Regional Anesthesia Block of the Transversus Abdominis Plane in Children Undergoing Gastric Tube Insertion
|Anesthesia Enteral Nutrition||Procedure: bupivacaine with epinephrine (mid and upper abdomen) Procedure: bupivacaine with epinephrine (transversus abdominis plane)||Phase 3|
|Study Design:||Allocation: Randomized
Intervention Model: Parallel Assignment
Masking: Open Label
Primary Purpose: Treatment
|Official Title:||Regional Anesthesia Block of the Transversus Abdominis Plane in Children Undergoing Gastric Tube Insertion|
- Morphine consumption [ Time Frame: For 24 hours after the time of first eye-opening post-procedure ]
- Pain, sedation, nausea & vomiting scores [ Time Frame: Pre-procedure; every 15 minutes from time of first eye-opening post-procedure until discharge from post-anesthesia care unit (PACU); on the ward at 2, 4, 8, 12, 16, and 24 hours ]
- Time until the patient is discharged from PACU to the ward [ Time Frame: At time of PACU discharge ]
- Parent satisfaction with analgesia and the procedure [ Time Frame: On the day following surgery ]
|Study Start Date:||October 2007|
|Study Completion Date:||October 2010|
|Primary Completion Date:||October 2010 (Final data collection date for primary outcome measure)|
Active Comparator: 1
Patients in the control group will receive localized infiltration of local anesthesia at the beginning of the procedure as is current standard practice.
Procedure: bupivacaine with epinephrine (mid and upper abdomen)
Patients will receive localized infiltration of local anesthesia (0.25% bupivacaine with epinephrine 1:200,000) at the beginning of the procedure as is current standard practice. Localized anaesthetic of the mid and upper abdomen.
Patients in the experimental group will receive a regional anesthetic blockade of the anterior abdominal wall via the transversus abdominis plane.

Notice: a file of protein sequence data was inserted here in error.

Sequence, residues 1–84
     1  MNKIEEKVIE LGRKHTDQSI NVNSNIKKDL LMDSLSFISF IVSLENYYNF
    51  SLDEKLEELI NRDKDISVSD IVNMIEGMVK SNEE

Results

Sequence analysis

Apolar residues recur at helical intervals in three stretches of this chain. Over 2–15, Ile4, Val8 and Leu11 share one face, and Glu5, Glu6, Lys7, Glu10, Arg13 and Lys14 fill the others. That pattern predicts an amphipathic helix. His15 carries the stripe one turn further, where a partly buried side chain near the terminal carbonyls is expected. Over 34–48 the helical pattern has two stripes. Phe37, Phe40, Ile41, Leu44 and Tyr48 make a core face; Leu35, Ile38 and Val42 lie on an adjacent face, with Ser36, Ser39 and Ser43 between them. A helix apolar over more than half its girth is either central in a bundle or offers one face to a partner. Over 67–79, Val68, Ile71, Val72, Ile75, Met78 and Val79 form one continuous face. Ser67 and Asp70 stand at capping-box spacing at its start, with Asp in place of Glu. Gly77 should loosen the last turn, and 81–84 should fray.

Procedure: bupivacaine with epinephrine (transversus abdominis plane)
0.6 cc/kg (to a maximum of 20 ccs) of 0.25% bupivacaine with epinephrine 1:200,000 will be injected into the neuro-vascular plane between the internal oblique and transversus abdominis muscles. Regional anaesthetic block of the transversus abdominis plane.
Regional abdominal field blockade has been demonstrated to deliver effective analgesia for procedures involving the anterior abdominal wall and may represent a feasible, minimally invasive alternative to central neuraxial blockade for some procedures and surgery of the abdomen.
Regional anesthesia and analgesia techniques are commonly advocated for post-operative pain control in pediatric surgical practice. Regional techniques decrease morphine requirements and improve the quality of post-operative pain control and patient-parent satisfaction. The most commonly used technique is caudal anesthesia, which is generally indicated for urologic surgery, inguinal hernia repair and lower extremity surgery. Complications are rare and usually minor, however, the caudal technique is limited in its ability to provide reliable analgesia to the abdominal wall and for surgical procedures involving the mid and upper abdomen. A reasonable alternative for these surgical procedures is to perform a formal lumbar epidural. This provides excellent post-operative analgesia and complications are rare. However, when complications do occur they are not minor. Because of the risks and potential complications of epidural catheter insertion, current clinical experience reveals an unwillingness for parents to consent to this technique.
On average, two hundred gastric tube insertions are performed in Image Guided Therapy (IGT) per annum (year) in this institution. Current standard practice for post-procedure pain control is local infiltration of the insertion site with local anesthetic during the procedure and intravenous morphine supplemented by rectal acetaminophen post-operatively. A retrospective review of this patient group demonstrates that approximately 80% of patients require one to three doses of morphine in the first 12 - 16 hours after the procedure. Even a single dose of intravenous morphine can increase the incidence of vomiting in children undergoing day surgical procedures.
Please refer to this study by its ClinicalTrials.gov identifier: NCT00564655
|The Hospital for Sick Children|
|Toronto, Ontario, Canada, M5G 1X8|
|Principal Investigator:||Conor Mc Donnell, MD||The Hospital for Sick Children, Toronto Canada|